• Bjenks has recognised the lead is "very long" as a reason why I should justify removing this line. It should be noted that lead sections are to be concise, so a lead section being "very long" does not justify the tacking on of further information.

Cjhard (talk) 02:48, 4 July 2017 (UTC)

Agree - I was in the process of posting here on the same subject. One quote from one source about Australia, in an article about George Pell, does not belong in the lead in my opinion. Flat Out (talk) 03:00, 4 July 2017 (UTC)
Thanks, I'll remove the sentence now. If he reverts again it will be up to other editors. Cjhard (talk) 03:03, 4 July 2017 (UTC)

Reply: Relax—I'll not revert again, being particularly averse to edit-warring and POV behaviour, and pleased that discussion has been opened, as the subject ABC News citation is neither "irrelevant" to the man Pell nor remotely related to "vandalism". I would note that

  • In addition to high office in his church organisation, Pell's prime notability has long been, and now probably always will be a product of his connections with the issue of Australian priestly paedophilia, both nationally and in particular geographic locations, e.g., Ballarat.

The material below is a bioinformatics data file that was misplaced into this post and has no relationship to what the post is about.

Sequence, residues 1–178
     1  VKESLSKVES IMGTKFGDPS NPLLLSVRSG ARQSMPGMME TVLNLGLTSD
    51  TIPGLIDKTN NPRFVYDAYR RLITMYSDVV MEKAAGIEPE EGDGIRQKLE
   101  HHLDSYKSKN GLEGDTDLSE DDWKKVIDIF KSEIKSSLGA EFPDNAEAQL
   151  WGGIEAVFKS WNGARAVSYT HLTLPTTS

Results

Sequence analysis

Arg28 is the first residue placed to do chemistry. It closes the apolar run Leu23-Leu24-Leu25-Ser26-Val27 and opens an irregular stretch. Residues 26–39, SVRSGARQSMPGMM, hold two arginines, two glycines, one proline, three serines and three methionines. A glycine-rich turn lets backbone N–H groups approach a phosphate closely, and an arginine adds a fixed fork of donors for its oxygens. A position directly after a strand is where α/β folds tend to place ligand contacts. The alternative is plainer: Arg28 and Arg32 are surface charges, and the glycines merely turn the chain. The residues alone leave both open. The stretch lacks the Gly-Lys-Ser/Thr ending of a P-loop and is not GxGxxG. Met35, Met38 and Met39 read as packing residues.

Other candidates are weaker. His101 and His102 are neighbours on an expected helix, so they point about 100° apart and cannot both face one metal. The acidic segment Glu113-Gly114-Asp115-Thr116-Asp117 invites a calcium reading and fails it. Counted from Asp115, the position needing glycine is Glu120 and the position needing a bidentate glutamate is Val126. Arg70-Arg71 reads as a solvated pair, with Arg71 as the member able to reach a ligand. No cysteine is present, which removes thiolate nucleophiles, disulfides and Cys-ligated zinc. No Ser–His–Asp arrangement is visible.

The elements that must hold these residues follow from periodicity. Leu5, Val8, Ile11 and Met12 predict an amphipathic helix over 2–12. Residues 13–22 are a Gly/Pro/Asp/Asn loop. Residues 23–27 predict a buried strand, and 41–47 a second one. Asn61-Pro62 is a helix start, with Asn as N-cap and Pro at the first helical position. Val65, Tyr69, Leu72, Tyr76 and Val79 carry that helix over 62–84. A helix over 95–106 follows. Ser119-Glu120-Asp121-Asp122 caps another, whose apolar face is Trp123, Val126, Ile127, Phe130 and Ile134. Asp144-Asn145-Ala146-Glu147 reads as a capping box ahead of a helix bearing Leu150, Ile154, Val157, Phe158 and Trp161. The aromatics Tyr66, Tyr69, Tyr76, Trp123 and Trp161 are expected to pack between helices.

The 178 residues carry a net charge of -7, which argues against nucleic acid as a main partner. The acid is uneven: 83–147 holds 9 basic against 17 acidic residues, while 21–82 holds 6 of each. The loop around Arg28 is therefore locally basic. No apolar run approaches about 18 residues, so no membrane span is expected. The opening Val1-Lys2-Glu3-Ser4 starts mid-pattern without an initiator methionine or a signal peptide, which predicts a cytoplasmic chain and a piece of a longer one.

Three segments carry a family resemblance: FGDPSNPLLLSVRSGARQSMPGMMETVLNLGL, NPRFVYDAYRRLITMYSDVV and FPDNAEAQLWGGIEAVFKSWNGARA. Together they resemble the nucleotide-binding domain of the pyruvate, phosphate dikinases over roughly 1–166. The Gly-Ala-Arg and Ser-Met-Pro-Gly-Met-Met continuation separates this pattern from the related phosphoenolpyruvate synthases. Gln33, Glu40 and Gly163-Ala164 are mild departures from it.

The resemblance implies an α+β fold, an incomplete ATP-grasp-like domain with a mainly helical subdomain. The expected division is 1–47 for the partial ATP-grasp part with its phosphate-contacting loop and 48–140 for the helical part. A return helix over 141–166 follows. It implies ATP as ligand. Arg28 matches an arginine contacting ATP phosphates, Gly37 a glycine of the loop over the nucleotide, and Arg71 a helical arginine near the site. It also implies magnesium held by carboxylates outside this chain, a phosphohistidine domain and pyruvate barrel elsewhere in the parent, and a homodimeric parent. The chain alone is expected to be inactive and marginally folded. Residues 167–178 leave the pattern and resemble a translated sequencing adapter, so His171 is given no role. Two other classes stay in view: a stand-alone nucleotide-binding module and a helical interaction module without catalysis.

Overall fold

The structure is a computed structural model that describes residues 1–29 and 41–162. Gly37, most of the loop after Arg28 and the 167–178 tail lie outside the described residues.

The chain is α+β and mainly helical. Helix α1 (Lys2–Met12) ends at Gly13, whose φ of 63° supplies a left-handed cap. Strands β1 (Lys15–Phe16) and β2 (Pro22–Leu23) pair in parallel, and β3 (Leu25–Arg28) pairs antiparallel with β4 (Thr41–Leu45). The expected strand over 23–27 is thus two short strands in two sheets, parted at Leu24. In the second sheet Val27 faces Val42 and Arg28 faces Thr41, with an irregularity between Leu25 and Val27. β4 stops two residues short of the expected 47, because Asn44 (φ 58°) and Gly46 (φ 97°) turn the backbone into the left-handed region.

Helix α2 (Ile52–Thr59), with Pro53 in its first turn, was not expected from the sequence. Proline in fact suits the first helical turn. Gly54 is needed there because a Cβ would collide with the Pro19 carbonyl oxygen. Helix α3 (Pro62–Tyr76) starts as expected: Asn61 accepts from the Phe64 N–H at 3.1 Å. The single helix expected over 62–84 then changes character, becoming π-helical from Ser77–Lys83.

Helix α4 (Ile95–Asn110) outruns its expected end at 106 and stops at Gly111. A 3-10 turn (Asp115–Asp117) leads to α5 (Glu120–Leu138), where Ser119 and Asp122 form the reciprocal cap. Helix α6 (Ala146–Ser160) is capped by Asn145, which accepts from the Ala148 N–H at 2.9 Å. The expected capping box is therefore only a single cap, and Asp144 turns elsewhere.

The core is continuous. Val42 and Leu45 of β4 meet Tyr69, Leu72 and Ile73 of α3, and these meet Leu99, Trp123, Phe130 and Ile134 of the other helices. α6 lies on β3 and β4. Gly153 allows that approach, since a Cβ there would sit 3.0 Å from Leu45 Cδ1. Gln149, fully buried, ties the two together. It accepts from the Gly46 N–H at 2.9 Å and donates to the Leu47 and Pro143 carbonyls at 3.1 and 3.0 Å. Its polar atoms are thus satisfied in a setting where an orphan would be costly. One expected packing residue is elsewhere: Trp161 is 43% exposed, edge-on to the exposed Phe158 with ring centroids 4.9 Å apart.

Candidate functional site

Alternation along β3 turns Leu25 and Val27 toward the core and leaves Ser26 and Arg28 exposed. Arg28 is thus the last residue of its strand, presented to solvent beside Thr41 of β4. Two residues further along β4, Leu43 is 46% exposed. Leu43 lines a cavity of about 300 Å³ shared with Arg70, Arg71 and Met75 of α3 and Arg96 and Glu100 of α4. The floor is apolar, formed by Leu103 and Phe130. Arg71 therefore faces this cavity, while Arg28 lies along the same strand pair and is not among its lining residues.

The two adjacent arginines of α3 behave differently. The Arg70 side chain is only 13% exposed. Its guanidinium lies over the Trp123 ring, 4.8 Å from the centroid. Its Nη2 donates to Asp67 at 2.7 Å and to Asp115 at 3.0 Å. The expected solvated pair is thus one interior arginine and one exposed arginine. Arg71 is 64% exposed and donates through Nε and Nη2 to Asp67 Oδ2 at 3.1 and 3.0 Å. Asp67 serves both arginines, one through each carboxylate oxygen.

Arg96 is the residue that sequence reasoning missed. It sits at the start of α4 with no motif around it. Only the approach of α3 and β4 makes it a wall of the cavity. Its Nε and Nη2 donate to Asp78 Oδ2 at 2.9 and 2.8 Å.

• I believe that fact will in future have its due place in this article's lead, even when that section is reduced in size.
  • In present circumstances, recognising the legal presumption of innocence, now is not an appropriate time to publish potentially prejudicial content, which is why I intend to postpone further contributions.
  • However "bizarre" some editors may view an Italian newspaper's choice of words, they were cited in good faith by that most reliable Australian information source, ABC News, which fully conforms with verification standards.

Bjenks (talk) 06:08, 4 July 2017 (UTC)

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Observoz edits 27 July 2017[edit]

@Observoz: Hello Observoz, you changed the introduction today that had been revised several weeks ago.

  • 1. The Melbourne Protocol was "The protocol, acclaimed as being the first of its kind in the world, has been widely criticised for lacking sufficient independence, being legalistic, for initially capping ex-gratia payments to victims at A$50,000 and for advising that lawsuits would be "strenuously defended" and you changed to "The protocol was the first of its kind in the world, but has been subject to a variety of criticisms". It is important to state the criticisms. This information is not within the Melbourne Response section in the article - which needs to be re-written. In my view it is not overly worded and states the main criticisms.